Maybe We Should Listen?
You could be forgiven for thinking that most of Paul’s second letter to the Corinthians amounted to not much more than scolding and whining. As a colleague once said, the apostle comes across here as a “pissed-on pastor” responding to his critics and antagonists.
Or perhaps he sounds like the parent reminding an inconsiderate child of all that we’ve been through for your sake. Paul is quick to mention a litany of “troubles, difficulties, and problems,” everything from facing angry people, being lied about, having to work to make a living so as not to burden the church, all the way up being beaten and thrown in jail.
We did all of this for you, Paul tells the Corinthians, because we love you. And what do we get in response? You don’t love us even a little bit.
It’s a wonder Paul didn’t get thrown out of more churches. That man had some nerve.
The apostle’s point, though, is not to shame the Corinthians. Or at least that’s not his only point. Paul’s sacrifices on behalf of the church might be extreme, but all Christians are called to suffer for one another. Paul speaks of rejoicing in the midst of sadness. This is why: he lives in and to Jesus by living in and to the community with a fully open heart.
The question for Christian parents is: can we get our kids to do likewise? It’s one thing to teach children to be kind and considerate. They learn that by imitation. But to teach them to be really Christian is a far different thing. “No one has greater love than this, to lay down one’s life for one’s friends” remains a very difficult teaching, and an even tougher lesson. Hey kid, how’d you like to die for the team?
It’s difficult enough just to give kids the basics. Work and social commitments get in the way. You can hardly blame a parent of small children for feeling stymied by the prospect of getting them to Sunday School. Athletic schedules increasingly run into Sunday morning—not, as I’ve told many congregations, because organizers despise Christianity—but because so many have moved beyond it. In a secular age, Sunday morning is prime real estate for fun, relaxation, and family time. Church is an obligation, and not always a welcome one.
All of this is compounded by other social realities: moving decreases church attendance. So do economic struggles: those Americans hard-pressed to make ends meet are among the least likely to attend worship or be affiliated with a church. Divorce kills religious practice. There are many reasons—good reasons—for people juggling to keep their lives afloat to skip that one more damn thing on Sunday morning.
When you have a child with special needs, whether physical or emotional, it adds another layer. Children with complex medical issues often find it difficult to come and remain in worship. Autistic children are easily overstimulated by the songs, voices, and movement of worship. The developmentally delayed or disabled may have a hard time following along. Children with emotional problems can leave themselves and their families so drained church becomes a long, bad idea. Kids of all shapes and sizes and abilities need to move around and make noise. You would be surprised how many places still find that unacceptable.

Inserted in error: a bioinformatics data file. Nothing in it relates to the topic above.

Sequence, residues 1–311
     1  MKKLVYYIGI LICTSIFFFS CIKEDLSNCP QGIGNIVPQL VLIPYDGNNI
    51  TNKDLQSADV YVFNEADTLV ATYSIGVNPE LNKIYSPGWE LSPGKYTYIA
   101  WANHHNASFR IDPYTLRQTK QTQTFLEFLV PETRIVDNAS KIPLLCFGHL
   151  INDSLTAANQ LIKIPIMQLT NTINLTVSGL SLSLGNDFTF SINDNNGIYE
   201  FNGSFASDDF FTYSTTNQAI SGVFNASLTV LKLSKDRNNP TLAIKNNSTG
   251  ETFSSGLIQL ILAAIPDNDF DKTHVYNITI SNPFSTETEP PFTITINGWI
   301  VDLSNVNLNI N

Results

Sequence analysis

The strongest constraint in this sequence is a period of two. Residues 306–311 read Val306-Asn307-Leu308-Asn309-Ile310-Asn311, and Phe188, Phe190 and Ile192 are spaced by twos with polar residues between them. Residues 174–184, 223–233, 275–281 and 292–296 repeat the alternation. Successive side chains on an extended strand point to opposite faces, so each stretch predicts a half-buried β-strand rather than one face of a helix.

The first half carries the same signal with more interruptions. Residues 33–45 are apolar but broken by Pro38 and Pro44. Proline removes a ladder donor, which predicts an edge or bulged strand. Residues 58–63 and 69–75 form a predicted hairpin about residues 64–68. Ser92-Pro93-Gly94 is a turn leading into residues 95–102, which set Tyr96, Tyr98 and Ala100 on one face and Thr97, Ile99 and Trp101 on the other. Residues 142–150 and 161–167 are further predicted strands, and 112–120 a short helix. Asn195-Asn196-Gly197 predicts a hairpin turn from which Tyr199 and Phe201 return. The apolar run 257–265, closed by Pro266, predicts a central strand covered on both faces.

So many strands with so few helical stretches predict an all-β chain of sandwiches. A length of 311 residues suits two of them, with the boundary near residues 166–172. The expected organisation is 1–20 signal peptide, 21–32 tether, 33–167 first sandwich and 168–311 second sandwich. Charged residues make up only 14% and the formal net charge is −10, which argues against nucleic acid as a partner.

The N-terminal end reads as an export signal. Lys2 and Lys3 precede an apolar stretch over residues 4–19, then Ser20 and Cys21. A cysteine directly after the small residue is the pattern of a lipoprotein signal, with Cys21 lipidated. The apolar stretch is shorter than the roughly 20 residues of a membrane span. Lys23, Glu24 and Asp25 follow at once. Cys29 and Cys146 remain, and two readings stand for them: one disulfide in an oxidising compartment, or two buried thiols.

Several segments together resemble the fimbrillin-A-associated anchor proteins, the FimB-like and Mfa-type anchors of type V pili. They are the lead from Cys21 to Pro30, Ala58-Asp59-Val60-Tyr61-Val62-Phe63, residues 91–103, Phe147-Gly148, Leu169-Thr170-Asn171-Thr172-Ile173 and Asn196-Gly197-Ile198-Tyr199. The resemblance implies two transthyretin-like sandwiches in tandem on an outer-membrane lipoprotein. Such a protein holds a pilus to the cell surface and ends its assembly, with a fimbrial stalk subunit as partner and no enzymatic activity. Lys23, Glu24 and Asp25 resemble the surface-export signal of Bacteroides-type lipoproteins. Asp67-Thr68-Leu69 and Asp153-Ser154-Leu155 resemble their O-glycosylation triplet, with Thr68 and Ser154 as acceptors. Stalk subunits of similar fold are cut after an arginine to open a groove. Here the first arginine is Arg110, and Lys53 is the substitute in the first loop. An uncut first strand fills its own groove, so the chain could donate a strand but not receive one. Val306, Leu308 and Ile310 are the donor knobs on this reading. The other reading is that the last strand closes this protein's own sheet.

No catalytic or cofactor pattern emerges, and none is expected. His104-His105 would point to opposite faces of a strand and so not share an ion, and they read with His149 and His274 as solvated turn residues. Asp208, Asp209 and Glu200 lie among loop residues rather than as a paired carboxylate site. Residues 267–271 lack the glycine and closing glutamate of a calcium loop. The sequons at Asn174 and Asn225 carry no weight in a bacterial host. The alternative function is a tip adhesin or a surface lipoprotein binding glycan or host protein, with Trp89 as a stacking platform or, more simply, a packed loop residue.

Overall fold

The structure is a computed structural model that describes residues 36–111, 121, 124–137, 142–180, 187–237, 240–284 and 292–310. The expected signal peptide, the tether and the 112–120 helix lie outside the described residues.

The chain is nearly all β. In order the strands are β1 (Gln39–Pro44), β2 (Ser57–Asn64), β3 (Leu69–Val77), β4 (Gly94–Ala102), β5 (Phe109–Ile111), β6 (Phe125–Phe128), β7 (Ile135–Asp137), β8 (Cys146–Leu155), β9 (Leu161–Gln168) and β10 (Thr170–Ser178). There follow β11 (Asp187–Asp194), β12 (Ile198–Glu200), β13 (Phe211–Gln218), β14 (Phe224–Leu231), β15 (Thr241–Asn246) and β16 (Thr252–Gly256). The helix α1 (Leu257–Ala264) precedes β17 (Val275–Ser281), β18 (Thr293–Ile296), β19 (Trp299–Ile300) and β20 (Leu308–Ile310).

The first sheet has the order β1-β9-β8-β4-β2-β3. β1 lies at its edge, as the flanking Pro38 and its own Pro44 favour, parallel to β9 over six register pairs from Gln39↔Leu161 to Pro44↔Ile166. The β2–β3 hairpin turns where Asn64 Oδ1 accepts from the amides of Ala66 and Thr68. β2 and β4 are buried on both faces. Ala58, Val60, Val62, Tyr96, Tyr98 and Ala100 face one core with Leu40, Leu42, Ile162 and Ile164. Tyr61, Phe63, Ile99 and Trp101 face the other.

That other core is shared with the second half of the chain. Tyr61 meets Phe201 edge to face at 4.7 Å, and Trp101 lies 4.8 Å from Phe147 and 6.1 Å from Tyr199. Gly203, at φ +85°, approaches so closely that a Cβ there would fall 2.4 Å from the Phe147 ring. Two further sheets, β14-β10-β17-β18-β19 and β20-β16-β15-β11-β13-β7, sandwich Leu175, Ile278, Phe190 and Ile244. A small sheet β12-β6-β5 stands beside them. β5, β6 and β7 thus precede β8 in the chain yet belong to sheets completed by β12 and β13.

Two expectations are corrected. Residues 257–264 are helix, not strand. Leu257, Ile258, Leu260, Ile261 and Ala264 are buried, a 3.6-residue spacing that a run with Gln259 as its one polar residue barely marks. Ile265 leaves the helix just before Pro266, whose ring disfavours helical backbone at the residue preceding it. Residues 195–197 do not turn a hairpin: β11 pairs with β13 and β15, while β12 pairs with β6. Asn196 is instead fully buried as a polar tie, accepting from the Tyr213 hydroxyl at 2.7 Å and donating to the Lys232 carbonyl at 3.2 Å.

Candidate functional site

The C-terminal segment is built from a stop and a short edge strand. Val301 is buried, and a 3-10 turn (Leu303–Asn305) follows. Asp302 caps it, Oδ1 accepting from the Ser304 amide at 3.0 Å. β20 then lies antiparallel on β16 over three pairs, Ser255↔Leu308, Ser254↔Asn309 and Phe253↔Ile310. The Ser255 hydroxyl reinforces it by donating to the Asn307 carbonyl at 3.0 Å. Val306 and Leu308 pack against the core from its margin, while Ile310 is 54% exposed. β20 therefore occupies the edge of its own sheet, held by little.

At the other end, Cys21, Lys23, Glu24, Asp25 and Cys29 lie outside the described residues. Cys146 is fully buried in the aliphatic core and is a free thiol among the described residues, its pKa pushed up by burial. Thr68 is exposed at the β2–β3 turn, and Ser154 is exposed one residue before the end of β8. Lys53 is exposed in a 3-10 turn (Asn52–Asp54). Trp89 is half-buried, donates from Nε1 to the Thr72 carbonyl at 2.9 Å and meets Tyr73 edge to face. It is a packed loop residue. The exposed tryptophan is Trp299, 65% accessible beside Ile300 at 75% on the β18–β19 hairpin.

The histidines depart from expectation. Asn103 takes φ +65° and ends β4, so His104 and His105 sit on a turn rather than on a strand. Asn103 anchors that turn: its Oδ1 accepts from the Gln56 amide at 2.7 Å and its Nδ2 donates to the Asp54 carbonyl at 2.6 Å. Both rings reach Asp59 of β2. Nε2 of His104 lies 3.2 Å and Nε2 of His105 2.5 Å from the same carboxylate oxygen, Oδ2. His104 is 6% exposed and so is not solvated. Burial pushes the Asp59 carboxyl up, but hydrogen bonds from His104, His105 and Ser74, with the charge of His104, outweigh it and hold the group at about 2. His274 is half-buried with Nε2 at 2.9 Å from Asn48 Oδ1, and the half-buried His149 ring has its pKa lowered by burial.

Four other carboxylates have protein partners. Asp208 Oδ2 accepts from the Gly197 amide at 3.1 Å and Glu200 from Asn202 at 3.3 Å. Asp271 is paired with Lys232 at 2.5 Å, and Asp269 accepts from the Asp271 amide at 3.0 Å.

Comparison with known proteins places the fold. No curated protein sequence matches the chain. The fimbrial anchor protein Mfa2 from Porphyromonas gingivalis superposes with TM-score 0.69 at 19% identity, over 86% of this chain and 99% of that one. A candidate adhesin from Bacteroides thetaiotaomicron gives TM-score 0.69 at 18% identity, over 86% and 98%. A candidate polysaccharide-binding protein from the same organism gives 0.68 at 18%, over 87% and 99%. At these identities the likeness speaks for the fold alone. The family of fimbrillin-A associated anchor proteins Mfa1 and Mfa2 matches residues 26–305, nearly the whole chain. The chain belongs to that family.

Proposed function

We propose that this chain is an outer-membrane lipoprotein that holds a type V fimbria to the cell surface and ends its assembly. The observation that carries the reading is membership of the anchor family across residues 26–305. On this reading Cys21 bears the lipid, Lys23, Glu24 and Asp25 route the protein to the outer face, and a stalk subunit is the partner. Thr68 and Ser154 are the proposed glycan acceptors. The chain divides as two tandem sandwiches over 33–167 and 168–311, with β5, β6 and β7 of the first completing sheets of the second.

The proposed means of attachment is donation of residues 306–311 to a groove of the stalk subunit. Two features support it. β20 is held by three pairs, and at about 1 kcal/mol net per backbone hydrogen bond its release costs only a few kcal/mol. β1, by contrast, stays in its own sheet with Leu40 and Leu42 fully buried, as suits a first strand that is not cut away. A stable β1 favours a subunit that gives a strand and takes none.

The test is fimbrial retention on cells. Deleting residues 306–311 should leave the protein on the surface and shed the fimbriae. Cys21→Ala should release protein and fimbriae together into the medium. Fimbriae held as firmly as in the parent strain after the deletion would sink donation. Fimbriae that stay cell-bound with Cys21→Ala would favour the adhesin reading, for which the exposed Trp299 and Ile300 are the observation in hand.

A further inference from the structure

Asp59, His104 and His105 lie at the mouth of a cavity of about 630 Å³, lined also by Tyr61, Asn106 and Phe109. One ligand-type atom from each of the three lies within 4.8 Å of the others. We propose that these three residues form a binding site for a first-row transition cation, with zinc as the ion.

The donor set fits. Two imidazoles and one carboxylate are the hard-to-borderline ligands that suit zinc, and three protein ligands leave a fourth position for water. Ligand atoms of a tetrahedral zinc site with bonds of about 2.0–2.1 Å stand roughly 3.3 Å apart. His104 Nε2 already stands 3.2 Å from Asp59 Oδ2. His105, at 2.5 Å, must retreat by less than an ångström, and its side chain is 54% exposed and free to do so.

The church itself often fails to support its own mission in passing on the faith to the next generation. The single, inevitable prime mover of that failure is this: we Christians fail to live up to our own faith.
We practice a shallow, unremarkable gospel of good feelings holding hardly any more substance than the golden rule. We are more interested in maintaining our traditions and institutions than growing in a complex faith. We betray Jesus’ message of self-emptying love through our judgmentalism and unwillingness to forgive, forget, or tolerate. Paul tells us “open your hearts” and we politely, positively, in a Christian spirit, decline the invitation. There is nothing so effective at disappearing Christians as the behavior of church people toward one another.
And yet, unaccountably, the kids turn out to be all right. A girl learns to love her uncle and his husband. A young man takes seriously the gospel command to make disciples and leads others into the faith; a daughter comes through her troubles with a seeker’s soul intact.
Even those children who learn “just” to be kind and considerate find the grace they receive from God is not for nothing. Sometimes despite their parents, they turn out to be compassionate, dedicated to friends, possessed of a strong sense of right and wrong. Our own son is like that. Curses too much, though. Gets that from his pa.
More important, as always, it is God who saves, not us. God will raise those Christians who are needed, inspire those who need to be inspired. Our job, as workers together with God, is simply to keep our hearts open. To the extent that mothers and fathers and other parental figures model the strength to lay down their lives for others, we show our children the face of the living God. Sometimes, to our shame, they show it to us.
Sometimes we speak to the children. Sometimes they speak to us. Maybe we should listen?